Uber has started delivering bagels, burgers and frozen yogurt to homes in Nassau County.
The popular taxi service has teamed up with roughly 60 restaurants to bring everything from Peruvian takeout to Quiznos subs to your doorstep.
The company on Thursday expanded its 10-month-old UberEATS app to the section of Nassau County that falls south of the Long Island Expressway. The launch also includes the southern part of Westchester County.
Customers set up a free account with a credit card and use the app to order and pay for the meal, which adds a flat $4.99 plus tax for each delivery. Uber also charges the restaurant 30 percent of the total bill.
Some participating restaurants sit on the border or just over the delivery border, but for now, residents outside the designated delivery area cannot use the service, a company spokeswoman said.
UberEATS is a separate app from Uber’s taxi service, with its own drivers who sign up to strictly handle food deliveries, said Jon Feldman, the general manager of UberEATS in New York State.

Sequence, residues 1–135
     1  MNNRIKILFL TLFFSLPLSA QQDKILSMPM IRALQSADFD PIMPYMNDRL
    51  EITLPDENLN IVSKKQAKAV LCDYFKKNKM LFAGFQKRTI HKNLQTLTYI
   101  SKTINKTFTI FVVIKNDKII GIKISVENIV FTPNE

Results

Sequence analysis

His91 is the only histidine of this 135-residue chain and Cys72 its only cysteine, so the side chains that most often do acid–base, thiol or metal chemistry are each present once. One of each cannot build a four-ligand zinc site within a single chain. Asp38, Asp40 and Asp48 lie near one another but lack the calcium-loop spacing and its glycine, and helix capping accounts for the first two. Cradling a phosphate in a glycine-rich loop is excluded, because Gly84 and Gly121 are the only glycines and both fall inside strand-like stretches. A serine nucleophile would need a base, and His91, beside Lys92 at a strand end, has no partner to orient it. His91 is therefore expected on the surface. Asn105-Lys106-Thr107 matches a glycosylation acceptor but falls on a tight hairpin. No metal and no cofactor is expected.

The Uber delivery wing, which originally launched in Manhattan last year and has grown to Brooklyn and Queens, joins a marketplace that also includes Seamless, its main competitor.
Feldman sees the service as a value to restaurants that would not have to hire an in-house delivery person. Uber means a restaurant “doesn’t have to be in the logistics business,” Feldman said.
The list of mostly low- to midpriced restaurants includes some well-regarded spots including Dirty Burger in Plainview, Southern Spice in New Hyde Park, Go Greek in Garden City and Hush Bistro in Farmingdale. Even 16 Handles frozen yogurt and Brower Bagel have teamed up with Uber.
Lloyd Rosenman, owner of the modern Mexican restaurant Tocolo Cantina in Garden City, said he doesn’t have the budget to employ an in-house driver. He started using Seamless about a month ago and believes UberEATS will help grow his delivery business, which ranges from 5 percent to 10 percent of his sales.
Sheetal Talati, owner of the vegetarian Indian restaurant Rajbhog Cafe in Hicksville, said she has found success with other online partnerships including Groupon and Living Social.
“I think that it’s a little bit high,” she said of the 30 percent UberEATS charge, “but for something that we have not tried . . . then it’s going to be added business.”